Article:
It is a call for more proclaimers of the Word. We feel sad that vocations to the priesthood and religious life are dwindling. However the mission to proclaim the gospel is not only the work of priests and religious. The lay people who comprise the majority of the Church can be a rich source of manpower for the task of evangelization. It is a timely reminder for all of us that many are being misled by the ‘leaven of the Pharisees and the leaven of Herod.’ Many claim to give the bread of eternal life, but there is only one-true bread and one true leaven. Lay empowerment or more lay involvement can help provide the ‘true leaven’ to those who need it. (Fr. Gil Alejandria, SVD Bible Diary 2008)


I had a three-day summer break in the islands of Batanes last May courtesy of a friend. There I saw the beauty and wonder of those small northernmost islands of our country. For me, it was a wish fulfilled!

While traveling around and seeing the island’s remarkable and awe-inspiring natural attractions as well as talking to some folks, I was overwhelmed, not only emotionally but more so spiritually.

I met a very young diocesan priest, Fr. Ariel Oguan, a Masbateno who opted to be assigned there as parish priest in Sabtang island whose simple life and missionary zeal, enthusiasm, faith and hope touched me tremendously because he simply manifested God’s presence. Curious that I was, I asked him, “Father, you seem to have a lot of money because you were able to renovate the church!” “Pads, I don’t have money,” was his spontaneous response. “Then how were you be able to do it?” I asked. He said, “Pads, God provides. The money is with the people and they are willing to help. They are so generous.” His faith-filled statement put me to shame. How I wished I, a religious missionary, had that kind of trust in Divine Providence. Truly that moment was a moment of grace, conversion and renewal for me.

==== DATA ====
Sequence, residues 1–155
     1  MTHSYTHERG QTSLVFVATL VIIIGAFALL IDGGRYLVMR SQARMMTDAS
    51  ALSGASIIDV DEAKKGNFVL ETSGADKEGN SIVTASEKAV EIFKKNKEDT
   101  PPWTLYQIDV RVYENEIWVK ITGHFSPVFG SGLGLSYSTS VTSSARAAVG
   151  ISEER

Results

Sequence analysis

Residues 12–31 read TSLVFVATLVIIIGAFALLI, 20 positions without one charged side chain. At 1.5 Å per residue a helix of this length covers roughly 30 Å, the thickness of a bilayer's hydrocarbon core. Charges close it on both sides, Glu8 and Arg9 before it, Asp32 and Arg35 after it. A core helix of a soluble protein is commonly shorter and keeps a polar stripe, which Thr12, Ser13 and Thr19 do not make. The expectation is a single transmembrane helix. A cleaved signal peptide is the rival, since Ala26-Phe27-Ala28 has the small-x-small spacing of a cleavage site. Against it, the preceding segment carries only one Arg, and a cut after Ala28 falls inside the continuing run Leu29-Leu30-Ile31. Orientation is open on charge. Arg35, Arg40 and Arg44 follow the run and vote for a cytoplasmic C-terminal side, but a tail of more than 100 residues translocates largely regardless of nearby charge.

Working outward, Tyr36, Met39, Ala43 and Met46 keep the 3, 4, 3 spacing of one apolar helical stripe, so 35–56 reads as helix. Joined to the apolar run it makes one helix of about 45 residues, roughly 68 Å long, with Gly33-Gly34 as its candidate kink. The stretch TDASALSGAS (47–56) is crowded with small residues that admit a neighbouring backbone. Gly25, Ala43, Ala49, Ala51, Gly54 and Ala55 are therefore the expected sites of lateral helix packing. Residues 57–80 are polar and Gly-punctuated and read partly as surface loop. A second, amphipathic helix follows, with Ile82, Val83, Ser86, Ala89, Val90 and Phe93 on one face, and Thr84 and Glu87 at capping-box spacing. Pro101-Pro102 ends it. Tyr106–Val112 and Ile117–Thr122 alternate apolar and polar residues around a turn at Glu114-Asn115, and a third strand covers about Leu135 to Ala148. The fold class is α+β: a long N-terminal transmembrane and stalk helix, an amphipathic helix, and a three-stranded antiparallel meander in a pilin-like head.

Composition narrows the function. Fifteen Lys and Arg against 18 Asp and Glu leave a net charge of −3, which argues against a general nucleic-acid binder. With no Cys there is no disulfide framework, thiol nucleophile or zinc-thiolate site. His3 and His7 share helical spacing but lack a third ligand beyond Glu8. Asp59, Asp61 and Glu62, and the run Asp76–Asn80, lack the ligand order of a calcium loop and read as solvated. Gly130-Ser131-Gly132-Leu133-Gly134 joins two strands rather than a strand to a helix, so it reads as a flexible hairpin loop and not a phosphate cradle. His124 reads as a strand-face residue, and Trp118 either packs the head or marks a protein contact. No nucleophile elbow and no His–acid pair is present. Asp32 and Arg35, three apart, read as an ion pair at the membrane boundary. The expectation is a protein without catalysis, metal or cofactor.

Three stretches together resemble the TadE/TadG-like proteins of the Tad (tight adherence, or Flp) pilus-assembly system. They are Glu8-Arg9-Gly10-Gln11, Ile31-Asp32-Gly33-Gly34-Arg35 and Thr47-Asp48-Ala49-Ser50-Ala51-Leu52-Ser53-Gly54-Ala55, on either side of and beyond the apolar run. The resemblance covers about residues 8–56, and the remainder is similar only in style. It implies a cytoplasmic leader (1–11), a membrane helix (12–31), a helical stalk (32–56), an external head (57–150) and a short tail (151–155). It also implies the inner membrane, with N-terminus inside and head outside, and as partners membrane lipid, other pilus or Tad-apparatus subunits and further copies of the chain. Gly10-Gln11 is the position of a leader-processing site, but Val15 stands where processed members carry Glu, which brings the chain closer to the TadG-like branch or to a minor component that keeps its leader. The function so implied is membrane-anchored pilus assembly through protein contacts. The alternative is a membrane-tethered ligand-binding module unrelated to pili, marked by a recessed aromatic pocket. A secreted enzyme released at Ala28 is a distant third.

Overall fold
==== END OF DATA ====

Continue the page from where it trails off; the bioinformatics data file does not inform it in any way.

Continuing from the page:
In today’s gospel reading, I can see the same concern of the disciples. They are worried about not having enough to eat, even if Jesus has fed big crowds on two different occasions. Jesus seems to say, “Hasn’t experience taught you anything? Where is your trust that I care about you and will take care of you?”

Once in a while, let us ask ourselves this question, “How much do we trust God’s compassion and love?” (Fr. Eliseo YYance, SVD Bible Diary 2009)


Tuesday of the 6th Week in Ordinary Time (Year B) Marcos 8:14-21.

“Bugo naba gayod kamo kaayo?” Makusganon nga gisaway ni Jesus ang mga tinun-an tungod sa kahuyang sa ilang pagsalig Kaniya. Nasaksihan nila sa kaugalingong mga mata ang milagro nga gihimo ni Jesus sa dihang Iyang gipadaghan ang pan ug isda. Pero, gibati gihapon silag kabalaka sa dihang usa na lang ka pan ang nahibilin kanila. Klaro kaayo nga wala gihapon sila makasabut. Isip mga sumusunod ni Cristo, kinahanglang maglakaw kita ning kalibotan – magtoon, magtrabaho, o magnegosyo – uban sa dakong pagsalig sa panabang sa Ginoo. Dili kita magsige’g kabalaka tungod kay kini dili makatabang kanato. Buhaton lang nato ang atong makaya; Dios nay mag-igo sa dili nato mahimo.” (Fr. Abet Uy)



COMMUNING WITH GOD’S SPIRIT – “Do you have eyes and not see, ears and not hear?” – Mark 8:18

The lines, “People talking without speaking. People hearing without listening,” from Paul Simon’s “Sound of Silence,” run parallel to the Lord’s query in today’s Gospel.